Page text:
Stanley Cup Final: Why the Chicago Blackhawks will win the Cup

By Adam Gretz | Hockey writer

Marian Hossa is a big reason the Blackhawks will win the Cup. (USATSI)
Marian Hossa is a big reason the Blackhawks will win the Cup. (USATSI)

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The Boston Bruins already faced one high-powered offense this postseason that was supposed to test their defense and give goaltender Tuukka Rask a challenge in the Pittsburgh Penguins.

All Boston did was respond with a convincing four-game sweep in the Eastern Conference finals to move on to the Stanley Cup Final. That's where they're going to get yet another high-powered offense in the Chicago Blackhawks that's supposed to test the very same things.

The only difference in this series is that Chicago has a better defense to complement its offense and isn't likely to have a complete meltdown like the Penguins did in Games 1 and 2 of the Eastern Conference finals.

The Blackhawks have been the best team in the NHL from the start of the season and have shown little sign of slowing down in the postseason. Yes, they needed a three-game winning streak in the second round and were nearly eliminated by the Detroit Red Wings, but the same can be said on the other side of this series as Boston needed a historical Game 7 comeback in the third period to escape elimination against the Toronto Maple Leafs.

Both teams have shown flashes of dominance. Both teams have narrowly avoided elimination.

The way Chicago knocked out the defending Stanley Cup champions (a Kings team that was perhaps even better than last year's) in five games was impressive. They had the look of a champion the entire series -- as they have for most of the season -- and I'm taking the Blackhawks in six. (I'm 9-5 on my picks this postseason, and 17-12 over the past two years).

The Blackhawks team that won the Stanley Cup back in 2009-10 was one of the deepest and most loaded teams the NHL has seen in the salary cap era. In fact, I'd argue it was the best team the NHL has seen over the past seven years. The cap, however, destroyed a lot of that depth the following offseason and forced them to dump players like Andrew Ladd, Dustin Byfuglien, Kris Versteeg and Antti Niemi. Over the past couple of years, the front office has quickly re-assembled a lot of that depth through the draft and through some astute trades and free agent signings, again giving Chicago a roster that can roll four lines at teams and beat them in a variety of different ways.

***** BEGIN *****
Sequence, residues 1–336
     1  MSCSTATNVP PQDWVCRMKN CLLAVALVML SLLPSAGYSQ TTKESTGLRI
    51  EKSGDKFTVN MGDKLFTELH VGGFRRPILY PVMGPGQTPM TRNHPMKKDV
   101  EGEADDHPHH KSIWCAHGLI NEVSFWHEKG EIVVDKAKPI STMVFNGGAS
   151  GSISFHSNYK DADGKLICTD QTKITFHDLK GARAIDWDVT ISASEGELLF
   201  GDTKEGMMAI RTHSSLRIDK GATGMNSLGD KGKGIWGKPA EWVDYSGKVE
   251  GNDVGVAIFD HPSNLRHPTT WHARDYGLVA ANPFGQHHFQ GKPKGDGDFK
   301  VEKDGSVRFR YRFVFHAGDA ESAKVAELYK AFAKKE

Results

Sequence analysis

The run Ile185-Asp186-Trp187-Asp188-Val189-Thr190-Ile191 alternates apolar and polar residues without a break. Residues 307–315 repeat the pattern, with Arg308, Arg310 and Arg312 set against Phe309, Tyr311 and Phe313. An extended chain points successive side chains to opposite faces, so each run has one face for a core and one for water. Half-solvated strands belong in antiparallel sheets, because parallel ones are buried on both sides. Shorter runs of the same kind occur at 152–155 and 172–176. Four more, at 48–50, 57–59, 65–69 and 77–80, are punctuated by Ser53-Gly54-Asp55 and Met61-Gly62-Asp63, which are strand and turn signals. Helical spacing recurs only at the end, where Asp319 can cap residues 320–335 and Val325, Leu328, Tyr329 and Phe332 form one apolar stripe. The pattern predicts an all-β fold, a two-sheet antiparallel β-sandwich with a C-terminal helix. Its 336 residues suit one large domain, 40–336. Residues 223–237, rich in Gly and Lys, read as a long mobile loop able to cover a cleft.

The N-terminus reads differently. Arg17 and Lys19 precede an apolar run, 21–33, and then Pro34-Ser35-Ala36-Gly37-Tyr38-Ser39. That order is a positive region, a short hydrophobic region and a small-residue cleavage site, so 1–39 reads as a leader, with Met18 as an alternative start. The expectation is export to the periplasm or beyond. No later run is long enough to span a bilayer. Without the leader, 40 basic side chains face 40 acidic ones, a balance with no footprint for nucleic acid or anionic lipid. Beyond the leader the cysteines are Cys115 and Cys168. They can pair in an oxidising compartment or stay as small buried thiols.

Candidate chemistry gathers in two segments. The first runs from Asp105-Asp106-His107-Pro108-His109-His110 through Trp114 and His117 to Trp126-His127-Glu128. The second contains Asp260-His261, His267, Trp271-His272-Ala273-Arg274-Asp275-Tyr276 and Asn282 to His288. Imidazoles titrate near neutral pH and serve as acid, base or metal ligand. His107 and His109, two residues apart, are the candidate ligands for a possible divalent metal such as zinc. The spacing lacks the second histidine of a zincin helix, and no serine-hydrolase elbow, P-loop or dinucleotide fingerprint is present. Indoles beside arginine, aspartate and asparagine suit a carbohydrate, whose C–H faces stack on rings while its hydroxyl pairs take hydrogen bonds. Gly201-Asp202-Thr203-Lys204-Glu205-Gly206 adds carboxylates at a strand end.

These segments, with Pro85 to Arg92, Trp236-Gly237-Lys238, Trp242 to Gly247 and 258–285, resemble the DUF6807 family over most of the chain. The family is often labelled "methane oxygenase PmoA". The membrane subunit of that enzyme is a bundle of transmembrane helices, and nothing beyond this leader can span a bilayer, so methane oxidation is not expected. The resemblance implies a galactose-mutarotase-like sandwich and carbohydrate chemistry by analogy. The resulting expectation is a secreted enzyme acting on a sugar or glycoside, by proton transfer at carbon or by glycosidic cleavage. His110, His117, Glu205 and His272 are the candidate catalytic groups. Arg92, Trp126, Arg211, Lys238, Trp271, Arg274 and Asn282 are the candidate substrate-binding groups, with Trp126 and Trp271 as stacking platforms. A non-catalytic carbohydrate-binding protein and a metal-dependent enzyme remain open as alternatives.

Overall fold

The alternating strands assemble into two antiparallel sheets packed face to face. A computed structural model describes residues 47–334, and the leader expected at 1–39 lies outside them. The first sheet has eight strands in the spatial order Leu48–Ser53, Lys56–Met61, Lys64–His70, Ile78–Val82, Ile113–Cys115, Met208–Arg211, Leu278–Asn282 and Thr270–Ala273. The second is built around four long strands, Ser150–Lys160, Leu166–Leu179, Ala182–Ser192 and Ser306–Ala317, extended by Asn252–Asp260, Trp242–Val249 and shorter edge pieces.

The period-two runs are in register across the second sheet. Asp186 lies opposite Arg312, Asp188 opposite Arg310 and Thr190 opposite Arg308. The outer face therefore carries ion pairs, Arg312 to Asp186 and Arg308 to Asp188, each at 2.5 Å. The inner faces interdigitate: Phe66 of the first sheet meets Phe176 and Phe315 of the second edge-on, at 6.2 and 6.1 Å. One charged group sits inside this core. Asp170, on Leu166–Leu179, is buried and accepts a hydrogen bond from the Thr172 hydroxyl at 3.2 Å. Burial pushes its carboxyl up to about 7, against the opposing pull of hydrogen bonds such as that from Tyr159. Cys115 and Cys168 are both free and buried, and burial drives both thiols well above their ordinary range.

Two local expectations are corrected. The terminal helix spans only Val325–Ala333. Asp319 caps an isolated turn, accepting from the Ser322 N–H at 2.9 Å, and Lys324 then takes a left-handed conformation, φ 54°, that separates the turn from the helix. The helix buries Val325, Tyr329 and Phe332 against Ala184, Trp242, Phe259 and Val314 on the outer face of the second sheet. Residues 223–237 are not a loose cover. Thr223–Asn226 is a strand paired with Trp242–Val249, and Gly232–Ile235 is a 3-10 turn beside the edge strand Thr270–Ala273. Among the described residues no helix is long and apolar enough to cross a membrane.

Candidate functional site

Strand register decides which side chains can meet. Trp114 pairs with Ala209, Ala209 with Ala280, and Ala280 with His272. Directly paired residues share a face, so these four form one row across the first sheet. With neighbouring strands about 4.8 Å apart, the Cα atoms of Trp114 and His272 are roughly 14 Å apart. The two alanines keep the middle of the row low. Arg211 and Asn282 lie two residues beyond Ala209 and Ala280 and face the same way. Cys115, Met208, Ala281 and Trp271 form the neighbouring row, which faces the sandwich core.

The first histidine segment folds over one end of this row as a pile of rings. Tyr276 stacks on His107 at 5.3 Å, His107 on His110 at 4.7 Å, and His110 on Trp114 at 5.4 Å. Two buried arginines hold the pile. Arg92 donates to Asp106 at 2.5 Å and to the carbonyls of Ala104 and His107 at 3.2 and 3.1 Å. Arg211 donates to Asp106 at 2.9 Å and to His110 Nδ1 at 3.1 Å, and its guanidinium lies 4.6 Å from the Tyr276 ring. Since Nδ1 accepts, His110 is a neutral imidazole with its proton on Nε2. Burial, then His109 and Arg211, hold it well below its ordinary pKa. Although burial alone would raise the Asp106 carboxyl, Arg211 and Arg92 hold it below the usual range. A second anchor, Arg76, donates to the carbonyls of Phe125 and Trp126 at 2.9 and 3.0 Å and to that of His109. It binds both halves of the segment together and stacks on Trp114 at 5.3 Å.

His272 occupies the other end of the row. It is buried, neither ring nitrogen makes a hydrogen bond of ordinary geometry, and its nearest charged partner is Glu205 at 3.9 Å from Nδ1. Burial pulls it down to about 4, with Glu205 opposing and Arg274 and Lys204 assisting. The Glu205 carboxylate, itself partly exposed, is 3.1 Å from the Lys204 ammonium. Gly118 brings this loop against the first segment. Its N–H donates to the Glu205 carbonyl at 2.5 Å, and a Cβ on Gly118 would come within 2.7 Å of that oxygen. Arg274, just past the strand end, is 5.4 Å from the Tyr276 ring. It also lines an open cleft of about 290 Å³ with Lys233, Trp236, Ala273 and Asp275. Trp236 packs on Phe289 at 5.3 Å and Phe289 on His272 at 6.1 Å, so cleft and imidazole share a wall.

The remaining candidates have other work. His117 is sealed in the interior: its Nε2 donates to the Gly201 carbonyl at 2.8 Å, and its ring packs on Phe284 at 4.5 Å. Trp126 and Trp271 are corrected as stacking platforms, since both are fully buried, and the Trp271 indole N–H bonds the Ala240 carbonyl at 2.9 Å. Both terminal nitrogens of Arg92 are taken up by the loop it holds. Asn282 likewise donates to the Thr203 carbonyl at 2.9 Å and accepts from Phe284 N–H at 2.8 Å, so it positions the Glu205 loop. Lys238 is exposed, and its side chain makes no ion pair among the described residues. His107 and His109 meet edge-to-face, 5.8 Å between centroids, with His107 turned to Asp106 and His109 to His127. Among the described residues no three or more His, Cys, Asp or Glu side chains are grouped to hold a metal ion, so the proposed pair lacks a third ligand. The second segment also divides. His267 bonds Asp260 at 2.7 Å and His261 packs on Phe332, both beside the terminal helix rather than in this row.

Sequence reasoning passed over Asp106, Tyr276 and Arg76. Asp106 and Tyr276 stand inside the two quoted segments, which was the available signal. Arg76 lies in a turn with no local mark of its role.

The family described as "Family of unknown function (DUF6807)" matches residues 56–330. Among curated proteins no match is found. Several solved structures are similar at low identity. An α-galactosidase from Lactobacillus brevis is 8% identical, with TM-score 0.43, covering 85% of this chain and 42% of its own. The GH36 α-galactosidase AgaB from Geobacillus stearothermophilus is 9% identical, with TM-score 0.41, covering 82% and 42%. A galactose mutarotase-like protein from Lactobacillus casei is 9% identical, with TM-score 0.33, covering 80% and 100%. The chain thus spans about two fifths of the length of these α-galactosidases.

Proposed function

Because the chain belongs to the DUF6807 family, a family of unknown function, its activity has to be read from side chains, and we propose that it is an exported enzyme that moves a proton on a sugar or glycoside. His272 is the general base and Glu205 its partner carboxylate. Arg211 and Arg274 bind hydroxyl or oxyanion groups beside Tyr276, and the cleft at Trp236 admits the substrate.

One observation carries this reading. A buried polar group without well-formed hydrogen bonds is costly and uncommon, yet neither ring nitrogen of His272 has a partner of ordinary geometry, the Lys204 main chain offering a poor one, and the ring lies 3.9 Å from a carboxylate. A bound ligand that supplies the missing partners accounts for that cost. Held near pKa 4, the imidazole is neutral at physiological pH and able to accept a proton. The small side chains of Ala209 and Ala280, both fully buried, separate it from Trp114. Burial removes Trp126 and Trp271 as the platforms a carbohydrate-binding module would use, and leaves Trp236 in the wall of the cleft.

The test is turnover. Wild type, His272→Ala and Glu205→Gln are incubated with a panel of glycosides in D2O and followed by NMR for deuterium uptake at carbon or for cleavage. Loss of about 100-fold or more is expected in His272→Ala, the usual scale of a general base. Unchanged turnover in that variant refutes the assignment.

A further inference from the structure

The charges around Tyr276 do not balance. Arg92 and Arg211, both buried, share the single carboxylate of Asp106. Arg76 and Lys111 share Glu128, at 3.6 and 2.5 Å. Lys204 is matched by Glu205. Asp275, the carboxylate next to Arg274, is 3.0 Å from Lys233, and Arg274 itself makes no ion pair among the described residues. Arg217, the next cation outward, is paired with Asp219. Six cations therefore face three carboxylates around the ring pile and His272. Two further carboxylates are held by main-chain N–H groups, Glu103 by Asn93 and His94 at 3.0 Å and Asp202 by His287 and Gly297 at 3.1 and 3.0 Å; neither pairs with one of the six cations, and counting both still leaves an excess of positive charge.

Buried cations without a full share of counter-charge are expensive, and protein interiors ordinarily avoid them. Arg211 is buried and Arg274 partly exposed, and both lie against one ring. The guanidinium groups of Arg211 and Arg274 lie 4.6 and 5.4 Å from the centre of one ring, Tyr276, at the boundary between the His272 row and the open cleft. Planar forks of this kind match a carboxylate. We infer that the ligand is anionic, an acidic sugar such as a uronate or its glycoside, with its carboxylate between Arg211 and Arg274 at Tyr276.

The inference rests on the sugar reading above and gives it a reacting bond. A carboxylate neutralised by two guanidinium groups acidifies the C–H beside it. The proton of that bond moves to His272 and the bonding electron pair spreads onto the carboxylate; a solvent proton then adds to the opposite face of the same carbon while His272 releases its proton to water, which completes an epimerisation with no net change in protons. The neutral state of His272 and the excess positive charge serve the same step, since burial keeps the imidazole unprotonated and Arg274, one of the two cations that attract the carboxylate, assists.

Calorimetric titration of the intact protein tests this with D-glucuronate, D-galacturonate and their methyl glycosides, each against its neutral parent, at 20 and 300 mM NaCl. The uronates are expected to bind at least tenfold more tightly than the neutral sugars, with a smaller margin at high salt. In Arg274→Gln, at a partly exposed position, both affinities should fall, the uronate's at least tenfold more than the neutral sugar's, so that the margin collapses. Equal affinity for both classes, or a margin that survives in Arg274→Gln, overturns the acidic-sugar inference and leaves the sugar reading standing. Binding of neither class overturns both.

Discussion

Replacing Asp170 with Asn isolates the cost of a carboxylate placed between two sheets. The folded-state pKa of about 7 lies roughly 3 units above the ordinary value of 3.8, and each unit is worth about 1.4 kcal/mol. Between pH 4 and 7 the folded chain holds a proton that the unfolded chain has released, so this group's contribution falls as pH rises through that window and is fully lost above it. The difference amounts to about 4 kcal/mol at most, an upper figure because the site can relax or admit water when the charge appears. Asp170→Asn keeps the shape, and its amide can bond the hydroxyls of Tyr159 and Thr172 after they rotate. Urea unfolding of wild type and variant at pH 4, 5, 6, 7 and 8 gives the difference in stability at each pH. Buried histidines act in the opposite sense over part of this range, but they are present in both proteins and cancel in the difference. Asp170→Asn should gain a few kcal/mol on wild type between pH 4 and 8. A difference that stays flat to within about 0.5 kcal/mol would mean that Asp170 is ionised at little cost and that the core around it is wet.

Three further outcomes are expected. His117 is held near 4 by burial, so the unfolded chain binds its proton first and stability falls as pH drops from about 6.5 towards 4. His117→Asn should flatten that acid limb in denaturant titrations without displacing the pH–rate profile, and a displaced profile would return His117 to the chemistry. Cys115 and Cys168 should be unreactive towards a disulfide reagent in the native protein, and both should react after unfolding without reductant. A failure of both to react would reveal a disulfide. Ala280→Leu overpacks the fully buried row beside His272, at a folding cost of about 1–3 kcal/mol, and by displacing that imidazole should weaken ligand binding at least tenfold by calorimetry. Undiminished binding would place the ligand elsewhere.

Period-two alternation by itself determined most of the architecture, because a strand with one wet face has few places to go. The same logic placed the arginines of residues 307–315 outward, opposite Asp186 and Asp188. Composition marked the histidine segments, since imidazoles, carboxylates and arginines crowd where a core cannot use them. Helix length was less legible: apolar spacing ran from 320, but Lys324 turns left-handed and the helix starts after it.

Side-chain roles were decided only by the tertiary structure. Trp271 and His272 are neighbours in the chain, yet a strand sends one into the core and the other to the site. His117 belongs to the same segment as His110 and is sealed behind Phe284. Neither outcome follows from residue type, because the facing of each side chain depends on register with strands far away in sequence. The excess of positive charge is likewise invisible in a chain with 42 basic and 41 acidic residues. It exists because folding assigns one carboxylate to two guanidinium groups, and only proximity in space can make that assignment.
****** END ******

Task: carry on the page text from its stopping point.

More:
Chicago finished the regular season as the second-highest scoring team in the league and as one of the best puck possession teams. The goal-scoring has dropped a bit in the postseason, but I think a lot of that has been the result of poor shooting luck, not poor play. There are perhaps no better examples than super star forwards Jonathan Toews and Patrick Kane.

The Blackhawks made it through the Western Conference playoffs getting little goal and point production from their two best players, and both received quite a bit of criticism for it. The criticism was a lot of times misplaced. Kane and Toews have still been generating a ton of chances and shots in the playoffs but simply haven't been getting anything to go in for them. Kane's luck started to change a little bit over the last two games against Los Angeles when he scored four goals, including a hat trick in Game 5.